“The biopsy of the lump we removed from your eyelid just came back from the lab. It came up positive for non-Hodgkin’s lymphoma. You should follow up with your primary care physician.” This was the message I received from the doctor’s office fifteen years ago.
I was speechless. I was set to begin a long-awaited study leave the very next day. But the study leave was not to be. Instead, the next months would be filled with activities I had never remotely imagined. I endured a battery of tests: CT scans, MRIs, and a particularly unpleasant bone marrow biopsy. I conferred with oncologists at Stanford, UCSF, and USC. I visited a cancer support group. And I wept with my wife as we talked about the specter of death.
In the midst of enormous chaos, I experienced a kind of spiritual turmoil that I had not yet known in my life. But it was in this turmoil that God ultimately met me in a most profound way. The lessons I learned about faith mark me to this day.
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Not too long after my diagnosis, one friend asked me, “What is God saying to you?” I wasn’t quite sure how to respond—or feel. The reality was that I hadn’t prayed much at all since my diagnosis. I was in shock. I was afraid. And I was angry. I was angry with God for interrupting my sabbatical (and my life!) with this disease. I was angry with my friend, whose question seemed to insinuate that I’d be praying more if I was a faithful follower of Jesus and I’d be hearing messages from God if I was a more spiritually mature person. But I simply could not think of anything meaningful to say to God. And I heard no words of comfort or explanation coming from heaven. I was like the deaf and mute man that Jesus encountered in the gospel story… except that I was still in darkness.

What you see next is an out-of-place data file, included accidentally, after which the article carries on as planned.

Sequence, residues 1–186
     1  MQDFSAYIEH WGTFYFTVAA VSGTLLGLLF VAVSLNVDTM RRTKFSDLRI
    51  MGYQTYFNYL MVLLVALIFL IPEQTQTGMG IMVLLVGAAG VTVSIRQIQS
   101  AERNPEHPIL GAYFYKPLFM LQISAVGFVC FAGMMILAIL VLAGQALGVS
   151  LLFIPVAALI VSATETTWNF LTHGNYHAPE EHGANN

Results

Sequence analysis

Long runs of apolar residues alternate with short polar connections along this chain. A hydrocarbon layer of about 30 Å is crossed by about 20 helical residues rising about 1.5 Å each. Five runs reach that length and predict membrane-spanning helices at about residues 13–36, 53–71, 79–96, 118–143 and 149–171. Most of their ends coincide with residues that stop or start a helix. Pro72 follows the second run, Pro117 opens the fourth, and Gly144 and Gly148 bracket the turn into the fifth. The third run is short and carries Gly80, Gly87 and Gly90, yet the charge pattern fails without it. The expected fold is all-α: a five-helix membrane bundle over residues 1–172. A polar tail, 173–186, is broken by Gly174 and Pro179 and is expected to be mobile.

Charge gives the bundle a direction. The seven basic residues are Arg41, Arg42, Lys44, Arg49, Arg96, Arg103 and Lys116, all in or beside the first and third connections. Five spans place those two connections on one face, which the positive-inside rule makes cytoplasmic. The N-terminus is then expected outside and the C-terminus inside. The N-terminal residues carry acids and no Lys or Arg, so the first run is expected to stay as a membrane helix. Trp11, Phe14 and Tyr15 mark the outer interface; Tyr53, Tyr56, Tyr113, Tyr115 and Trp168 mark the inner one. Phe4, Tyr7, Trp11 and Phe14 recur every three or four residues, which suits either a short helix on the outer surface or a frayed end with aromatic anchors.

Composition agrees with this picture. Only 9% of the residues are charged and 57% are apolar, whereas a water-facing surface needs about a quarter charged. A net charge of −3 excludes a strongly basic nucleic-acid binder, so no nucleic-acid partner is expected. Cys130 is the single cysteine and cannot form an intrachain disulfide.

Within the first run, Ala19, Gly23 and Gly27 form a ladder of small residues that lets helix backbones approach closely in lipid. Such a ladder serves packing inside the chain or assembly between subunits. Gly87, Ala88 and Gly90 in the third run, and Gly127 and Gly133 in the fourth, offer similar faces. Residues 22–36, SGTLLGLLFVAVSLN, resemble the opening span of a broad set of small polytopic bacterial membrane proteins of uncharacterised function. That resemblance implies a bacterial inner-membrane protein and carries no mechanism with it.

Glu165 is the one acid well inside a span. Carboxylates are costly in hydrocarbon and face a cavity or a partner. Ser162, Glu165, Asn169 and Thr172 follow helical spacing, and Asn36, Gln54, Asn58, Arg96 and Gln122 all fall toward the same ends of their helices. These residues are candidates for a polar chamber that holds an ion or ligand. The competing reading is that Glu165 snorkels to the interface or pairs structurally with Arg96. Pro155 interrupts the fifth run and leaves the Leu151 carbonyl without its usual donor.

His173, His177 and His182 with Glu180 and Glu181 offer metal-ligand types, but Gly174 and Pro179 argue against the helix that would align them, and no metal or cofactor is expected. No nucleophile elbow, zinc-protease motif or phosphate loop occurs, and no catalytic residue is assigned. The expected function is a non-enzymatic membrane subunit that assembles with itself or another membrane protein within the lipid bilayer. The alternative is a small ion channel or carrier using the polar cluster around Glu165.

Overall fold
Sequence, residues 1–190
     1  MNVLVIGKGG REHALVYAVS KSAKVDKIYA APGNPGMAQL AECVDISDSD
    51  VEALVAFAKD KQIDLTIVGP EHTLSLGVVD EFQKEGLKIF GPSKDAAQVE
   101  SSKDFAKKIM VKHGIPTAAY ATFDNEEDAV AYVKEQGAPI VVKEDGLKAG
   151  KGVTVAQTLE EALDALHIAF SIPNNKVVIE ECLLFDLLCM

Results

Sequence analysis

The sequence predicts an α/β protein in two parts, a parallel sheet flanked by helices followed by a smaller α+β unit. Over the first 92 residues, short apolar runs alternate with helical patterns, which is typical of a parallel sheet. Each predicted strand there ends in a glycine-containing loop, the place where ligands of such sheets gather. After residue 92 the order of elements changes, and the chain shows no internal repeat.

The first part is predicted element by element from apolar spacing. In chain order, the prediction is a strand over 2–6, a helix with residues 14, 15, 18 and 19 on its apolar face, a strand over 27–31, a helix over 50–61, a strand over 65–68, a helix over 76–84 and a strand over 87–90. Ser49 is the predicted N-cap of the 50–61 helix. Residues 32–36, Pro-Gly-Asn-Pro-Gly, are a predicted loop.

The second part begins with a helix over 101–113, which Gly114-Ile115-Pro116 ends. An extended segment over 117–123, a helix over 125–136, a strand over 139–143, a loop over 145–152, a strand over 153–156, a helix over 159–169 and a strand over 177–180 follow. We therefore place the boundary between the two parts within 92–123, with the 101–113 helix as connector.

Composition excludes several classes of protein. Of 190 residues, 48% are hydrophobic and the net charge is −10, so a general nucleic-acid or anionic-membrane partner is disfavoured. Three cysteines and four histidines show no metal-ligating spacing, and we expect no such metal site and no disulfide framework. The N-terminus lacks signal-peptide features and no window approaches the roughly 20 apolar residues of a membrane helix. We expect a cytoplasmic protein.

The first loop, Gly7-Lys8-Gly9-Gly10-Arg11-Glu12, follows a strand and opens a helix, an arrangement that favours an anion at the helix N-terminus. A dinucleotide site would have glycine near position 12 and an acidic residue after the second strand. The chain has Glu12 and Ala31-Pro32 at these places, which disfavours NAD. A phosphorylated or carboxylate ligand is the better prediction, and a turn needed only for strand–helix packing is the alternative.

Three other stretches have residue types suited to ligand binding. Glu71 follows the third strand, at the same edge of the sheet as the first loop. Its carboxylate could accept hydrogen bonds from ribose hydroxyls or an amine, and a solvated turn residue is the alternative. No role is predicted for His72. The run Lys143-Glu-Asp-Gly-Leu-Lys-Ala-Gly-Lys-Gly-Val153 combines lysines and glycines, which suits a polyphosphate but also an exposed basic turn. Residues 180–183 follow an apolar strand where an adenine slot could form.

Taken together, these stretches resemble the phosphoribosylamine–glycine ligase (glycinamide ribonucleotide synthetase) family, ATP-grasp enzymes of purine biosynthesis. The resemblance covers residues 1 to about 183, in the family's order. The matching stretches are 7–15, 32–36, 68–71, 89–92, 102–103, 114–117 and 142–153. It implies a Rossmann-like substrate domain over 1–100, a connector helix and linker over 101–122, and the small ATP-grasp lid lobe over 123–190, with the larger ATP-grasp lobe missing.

Two weeks after my diagnosis, we moved from Hawaii to Oakland to gain access to a wider range of doctors. While in the Bay Area, I attended Rockridge United Methodist Church. I was used to worship consisting of a message and some songs. At Rockridge, Sunday morning worship followed an extensive liturgy. The morning unfolded like a scripted play in which everyone had key lines. The minister began the gathering by speaking a blessing: “The Lord be with you.” And the congregation, in unison, responded, “And also with you.” The people would confess their sins aloud. And the minister would proclaim with gusto, “You are forgiven.” On one occasion, during the prayer for people in the community, my heart was warmed as I heard these new friends utter prayers for my healing. When it came time for communion, the minister called out, “Lift up your hearts.” And we worshipers responded, “We lift them up to the Lord.” Toward the end of the gathering, we proclaimed together the mystery of our faith: “Christ has died, Christ is risen, Christ will come again.” We repeated these same words, week in and week out.
I had always thought such scripted worship formats fell into the category of “vain repetitions” that Jesus decried. I may have even rolled my eyes on a few of my earlier visits there. But something surprising happened along the way. In this chaotic season that had rendered me speechless, the liturgy gave me words with which to worship my God. Without knowing it, I had begun to pray again.
They weren’t my own words. In fact, I’m not even sure the words poured forth from my own faith—at least not at the beginning. I was like the paralyzed man who was brought into the presence of Jesus by the faith of four friends. Through the faith of friends and through the prayers crafted by generations of Christ followers, I was made whole.
Western individualism had formed in me a faith that was anchored in my own strength. In my brush with cancer, God taught me the beautiful reality that faith can, and perhaps must, be shared.
Brad Wong is the lead pastor of The River. He loves being husband to Vickie and dad to Ryan and Lauren. He studied pre-med microbiology at UC Berkeley, but his vocational path took a sharp turn in the mountains of the Philippines, where he shadowed missionaries who translated and taught the Bible.
Brad delights in exploring the world. During his time at The River, his ministry travels have taken him to Thailand, Uganda, the Philippines, China, Malawi, and Honduras.
He enjoys reading, running, Belgian ales, red wine, dark chocolate, good conversation, challenging ideas, thoughtful people, and food from every culture.